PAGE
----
We see only one way to resolve the observed inconsistencies: He II ionization in the "trough" component has to be incomplete. Meiksin & Madau (1993) have predicted H I absorption "troughs" with vanishing flux, velocity broadened by the Hubble expansion. This has so far not been seen in H I up to . We propose here that we observe a patchy intergalactic medium in which the reionization of the universe is still incomplete at 3 for the second ionization of He. This possibility has been predicted by various authors, e.g. Miralda-Escudé & Rees (1993) and Madau & Meiksin (1994). The reason for the delayed ionization of He II is the much smaller number of He II ionizing photons compared to H ionizing photons. Madau & Meiksin (1994) show that with QSO spectra varying as and the quasars turned on at , hydrogen is fully ionized at , but that He II is only partially ionized at . According to recent work by Shaver et al. (1996), QSOs are an order of magnitude less abundant at than at , i.e. the turnon of the QSOs as ionizing sources is even later than assumed by Madau & Meiksin (1994). Furthermore, there is evidence from modelling of the Ly forest that for the UV-background due to QSOs is not sufficient and that additional sources of photons are required for (Rauch et al. 1997). If these sources are stars, the resulting softer UV background possibly meets the condition for delayed He II ionization. In addition, it has been shown by Giroux & Shapiro (1996) that in case of an IGM partially collisionally ionized due to bulk heating in addition to photoionization, He ionization will be lag behind hydrogen ionization. There is also evidence of an abrupt change in the C IV /Si IV column density ratio around (Songaila & Cowie 1996), which indicates a softening of the ionizing UV background with increasing z: to 40 below and above .
In case of only singly ionized helium, the amount of diffuse gas needed to produce the "trough" opacity is given by
for q (Madau & Meiksin 1994) which leads to 1.3 10-4 h . Only 0.3 % of the big-bang nucleosynthesis baryon density = 0.05 h is required to produce the blacked-out troughs. This would be consistent with the theoretical predictions that fragmentation of the IGM is nearly complete.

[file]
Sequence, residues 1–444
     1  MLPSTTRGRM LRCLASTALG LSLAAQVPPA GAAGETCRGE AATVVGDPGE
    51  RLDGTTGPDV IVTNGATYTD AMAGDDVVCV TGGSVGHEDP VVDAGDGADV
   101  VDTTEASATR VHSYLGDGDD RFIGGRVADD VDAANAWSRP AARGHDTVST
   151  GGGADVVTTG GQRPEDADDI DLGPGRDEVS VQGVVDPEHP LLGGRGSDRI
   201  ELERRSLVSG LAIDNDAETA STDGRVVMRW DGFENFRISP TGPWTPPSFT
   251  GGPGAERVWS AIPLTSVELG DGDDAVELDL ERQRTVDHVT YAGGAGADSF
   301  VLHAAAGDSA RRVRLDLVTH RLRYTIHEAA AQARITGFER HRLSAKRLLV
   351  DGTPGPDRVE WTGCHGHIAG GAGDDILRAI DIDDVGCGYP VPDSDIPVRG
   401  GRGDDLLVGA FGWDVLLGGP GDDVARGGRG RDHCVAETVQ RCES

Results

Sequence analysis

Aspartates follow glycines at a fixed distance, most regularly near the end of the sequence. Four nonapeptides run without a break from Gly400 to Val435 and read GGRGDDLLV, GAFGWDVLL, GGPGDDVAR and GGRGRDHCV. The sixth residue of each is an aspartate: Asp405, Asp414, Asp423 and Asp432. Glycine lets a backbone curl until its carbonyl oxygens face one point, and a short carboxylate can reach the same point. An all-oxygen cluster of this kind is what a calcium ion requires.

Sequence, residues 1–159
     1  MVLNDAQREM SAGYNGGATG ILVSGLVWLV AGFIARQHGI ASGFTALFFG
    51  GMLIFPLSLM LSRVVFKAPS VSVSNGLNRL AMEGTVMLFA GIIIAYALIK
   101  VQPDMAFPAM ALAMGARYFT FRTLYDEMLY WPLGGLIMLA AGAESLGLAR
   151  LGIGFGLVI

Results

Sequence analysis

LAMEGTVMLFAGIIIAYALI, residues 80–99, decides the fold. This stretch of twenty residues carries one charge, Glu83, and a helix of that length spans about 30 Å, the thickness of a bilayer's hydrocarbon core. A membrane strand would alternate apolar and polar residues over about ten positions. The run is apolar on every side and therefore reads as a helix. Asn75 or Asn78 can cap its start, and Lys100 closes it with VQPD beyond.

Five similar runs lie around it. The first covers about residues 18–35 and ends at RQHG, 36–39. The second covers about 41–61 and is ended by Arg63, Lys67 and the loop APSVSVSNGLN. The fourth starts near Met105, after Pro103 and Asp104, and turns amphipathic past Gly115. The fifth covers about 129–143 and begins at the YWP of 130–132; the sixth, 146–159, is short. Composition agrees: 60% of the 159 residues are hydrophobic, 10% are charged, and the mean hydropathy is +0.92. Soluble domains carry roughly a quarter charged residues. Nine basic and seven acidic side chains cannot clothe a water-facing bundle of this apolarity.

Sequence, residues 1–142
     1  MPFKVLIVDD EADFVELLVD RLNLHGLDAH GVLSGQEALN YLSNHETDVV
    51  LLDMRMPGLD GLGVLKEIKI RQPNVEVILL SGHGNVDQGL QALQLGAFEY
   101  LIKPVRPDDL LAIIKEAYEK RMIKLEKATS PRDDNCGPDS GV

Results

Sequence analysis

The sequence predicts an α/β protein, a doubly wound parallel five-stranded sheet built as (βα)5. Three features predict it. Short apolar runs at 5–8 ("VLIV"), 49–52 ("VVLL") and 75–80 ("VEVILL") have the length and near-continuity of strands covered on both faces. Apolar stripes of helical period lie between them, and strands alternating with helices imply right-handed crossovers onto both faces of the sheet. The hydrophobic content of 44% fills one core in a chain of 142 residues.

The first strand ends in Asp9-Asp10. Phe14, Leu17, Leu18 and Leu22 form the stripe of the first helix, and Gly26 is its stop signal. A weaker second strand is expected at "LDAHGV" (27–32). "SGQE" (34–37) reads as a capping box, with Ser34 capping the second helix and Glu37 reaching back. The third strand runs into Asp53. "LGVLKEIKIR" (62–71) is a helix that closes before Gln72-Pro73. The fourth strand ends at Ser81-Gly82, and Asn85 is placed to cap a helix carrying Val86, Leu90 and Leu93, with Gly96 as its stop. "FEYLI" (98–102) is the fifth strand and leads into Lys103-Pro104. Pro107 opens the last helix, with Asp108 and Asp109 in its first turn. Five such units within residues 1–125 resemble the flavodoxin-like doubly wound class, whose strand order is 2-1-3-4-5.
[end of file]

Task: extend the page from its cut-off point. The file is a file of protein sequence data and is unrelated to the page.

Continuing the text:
It is easy to show that even for a soft ionizing spectrum ( = 2) the "troughs" will not be seen in He I 584 Å since for = 0.02 (cf. Jakobsen 1995). The FOS spectrum around 2240 Å confirms the absence of a He I trough.
3.4. No proximity effect?
An extremely luminous QSO like HE 2347-4342 is expected to show a proximity effect except for the rather improbable case that the QSO has been turned on only recently.
The influence of the UV radiation of the QSO itself on the second ionization of He has been studied theoretically by various authors (e.g. Zheng & Davidsen 1995; Meiksin 1995; Giroux et al. 1995). The prediction is that close to the QSO He II is additionally ionized and that the effect is stronger in diffuse than in clumped gas. Consequently, if the He II opacity close to the QSO is dominated by a diffuse component, we expect increased transparency in a He III bubble around the QSO, close to the rest redshift of the QSO, while the effect will be weaker in the Ly forest. No proximity effect has been seen in HS 1700+6416 (Davidsen et al. 1996), while Hogan et al. (1997) observed in Q 0302-003 a "shelf" in the He II opacity 12 Å blueward of the main He II edge which they interpret as a proximity effect in diffuse He II gas. If, as concluded above, the "troughs" in the He II forest at 1162-1173 Å and 1176-1182 Å are caused by not fully ionized gas, we should expect that HE 2347-4342, which at the time of observation is one of the most luminous sources in the universe, produces a strong proximity effect.
In the following we estimate the He II ionizing flux of HE 2347-4342 and discuss its effect on the surrounding medium. UV spectra of high-redshift quasars are strongly influenced by absorption of intervening absorbers. In order to find the intrinsic spectral energy distribution of the quasar corrections have to be applied to the observed data. In the following we will consider only the flux depression by cumulative hydrogen continuum absorption of intervening absorbers, neglecting effects of dust absorption along the line of sight or line blanketing in the UV. Uncertainties in the absolute flux calibrations of the spectra up to 10-20 % are possible.